"The conformation evaluation of potential event horses at different venues around Ireland highlighted the prevalence of some unfavourable conformation traits as identified by elite riders," says Soraya.
"These included straight shoulders, back-at-the-knee conformation, sickle hock conformation, long back conformation, weak loin areas, rectangular structure and a lack of impulsion in trot.
"In order for the Irish Sport Horse to remain at the top of the world eventing rankings, these traits need to be eliminated.
"As longevity is of utmost importance in eventing to reach the highest level, any conformation traits that contribute to early breakdown and that will not withstand the high demands placed on the musculoskeletal system will have to be monitored," she says.
"Active selection for desirable traits needs to be included in selection procedures and breeding objectives."
The conformation of 422 horses was compared to the "ideal conformation", as outlined by top event riders. The following are the main results of the comparison:
- Top event riders look for a medium to higher wither height and all the FEHL horses studied conformed to this.
- Riders look for a sloping shoulder but there was a high prevalence of straight (upright) shoulders, which carry a higher risk of lameness.
- Almost 20pc of the horses were back at the knee, even though riders are looking for horses that are straight or even slightly forward at the knee.
Back-at-the-knee is the most serious conformational fault of the forelimb because it will not withstand the pressures of eventing long term.
- Most horses had the medium to short pastern length that riders look for.
- Almost one-third of horses were light of bone, even though medium to strong bone is most desirable in an event horse.
- Riders prefer a horse with a square to medium shape overall, however one-third of the horses studied were slightly rectangular or rectangular in shape.
This follows recent trends in breeding, led by Continental studbooks that aim to breed a rectangular horse for show-jumping and dressage.
However, the rectangular shape is not favourable for eventing because shorter body forms are associated with a strong, more durable structure.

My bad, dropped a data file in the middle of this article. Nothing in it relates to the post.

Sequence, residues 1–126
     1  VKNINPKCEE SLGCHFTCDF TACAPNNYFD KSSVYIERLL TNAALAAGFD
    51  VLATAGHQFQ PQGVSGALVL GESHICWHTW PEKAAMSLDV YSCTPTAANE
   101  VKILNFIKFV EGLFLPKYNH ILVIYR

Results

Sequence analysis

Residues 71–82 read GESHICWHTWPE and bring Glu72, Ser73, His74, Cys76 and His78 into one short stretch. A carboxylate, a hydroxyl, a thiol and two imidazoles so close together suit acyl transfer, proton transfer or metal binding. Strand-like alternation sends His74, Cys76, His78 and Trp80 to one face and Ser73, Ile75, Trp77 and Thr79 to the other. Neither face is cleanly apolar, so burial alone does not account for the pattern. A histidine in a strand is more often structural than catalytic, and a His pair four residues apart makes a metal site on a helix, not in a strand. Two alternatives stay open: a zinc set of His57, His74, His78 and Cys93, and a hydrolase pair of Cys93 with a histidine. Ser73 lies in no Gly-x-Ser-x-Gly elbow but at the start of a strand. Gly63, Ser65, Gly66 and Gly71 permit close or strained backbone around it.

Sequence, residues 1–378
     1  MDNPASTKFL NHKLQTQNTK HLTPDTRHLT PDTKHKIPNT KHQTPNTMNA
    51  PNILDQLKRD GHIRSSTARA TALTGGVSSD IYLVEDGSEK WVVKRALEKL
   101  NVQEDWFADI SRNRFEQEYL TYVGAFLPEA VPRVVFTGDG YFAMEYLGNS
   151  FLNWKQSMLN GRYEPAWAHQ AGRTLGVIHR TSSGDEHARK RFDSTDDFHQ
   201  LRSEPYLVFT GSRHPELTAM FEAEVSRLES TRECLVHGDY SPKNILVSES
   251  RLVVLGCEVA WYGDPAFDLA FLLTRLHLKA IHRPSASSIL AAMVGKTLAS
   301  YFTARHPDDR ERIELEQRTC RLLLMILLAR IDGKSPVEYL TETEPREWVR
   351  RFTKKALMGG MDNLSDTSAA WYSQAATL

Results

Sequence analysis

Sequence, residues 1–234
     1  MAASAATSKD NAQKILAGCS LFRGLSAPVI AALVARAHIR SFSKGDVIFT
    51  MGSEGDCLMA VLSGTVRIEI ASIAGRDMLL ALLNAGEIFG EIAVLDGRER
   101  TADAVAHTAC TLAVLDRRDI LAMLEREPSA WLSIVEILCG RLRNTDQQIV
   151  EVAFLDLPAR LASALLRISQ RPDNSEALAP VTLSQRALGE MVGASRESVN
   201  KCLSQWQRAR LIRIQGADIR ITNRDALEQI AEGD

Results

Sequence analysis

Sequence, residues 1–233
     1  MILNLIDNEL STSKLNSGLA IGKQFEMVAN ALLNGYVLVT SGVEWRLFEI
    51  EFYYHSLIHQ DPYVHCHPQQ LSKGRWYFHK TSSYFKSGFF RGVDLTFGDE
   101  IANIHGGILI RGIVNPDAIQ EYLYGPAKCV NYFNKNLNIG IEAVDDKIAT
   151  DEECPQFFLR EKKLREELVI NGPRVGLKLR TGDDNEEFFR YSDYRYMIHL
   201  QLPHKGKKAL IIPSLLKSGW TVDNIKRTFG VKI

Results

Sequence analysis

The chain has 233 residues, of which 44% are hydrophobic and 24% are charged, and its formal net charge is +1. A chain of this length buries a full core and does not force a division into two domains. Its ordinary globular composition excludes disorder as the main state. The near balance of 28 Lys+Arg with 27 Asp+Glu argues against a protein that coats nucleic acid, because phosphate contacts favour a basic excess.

- Riders look for a long stride length in walk and straight movement. In general, the FEHL horses displayed a good length of stride at walk but 30pc of them displayed deviation at walk (10pc toe in, 20pc toe out).
- Some 75pc of riders prefer average to slightly long strides at trot and canter, with slightly powerful to powerful impulsion but one quarter of the horses studied were lacking impulsion and displayed short stride lengths at trot. The canter was not assessed in the FEHL horses.
Soraya believes that monitoring unfavourable traits in young event horses is critical for the future production of top-class eventing horses.
"There is a relatively high prevalence of some unfavourable conformation traits for eventing," she says.
"These include straight shoulders, back-at-the-knee conformation, sickle hocks, long backs, weak loins and rectangular structure.
"Monitoring these unfavourable traits will be imperative going forward in order to keep producing top-quality animals for the sport and reduce their prevalence in the population," she claims.
"The introduction of sires and broodmares from other studbooks with breeding aims to breed rectangular structures may not be of advantage considering short frames and backs are desired in the sport of eventing.
"In order to achieve an improvement in conformation traits towards the ideal, conformation needs to be assessed and information made available on which sires have favourable traits to work towards the ideal event horse," she concludes.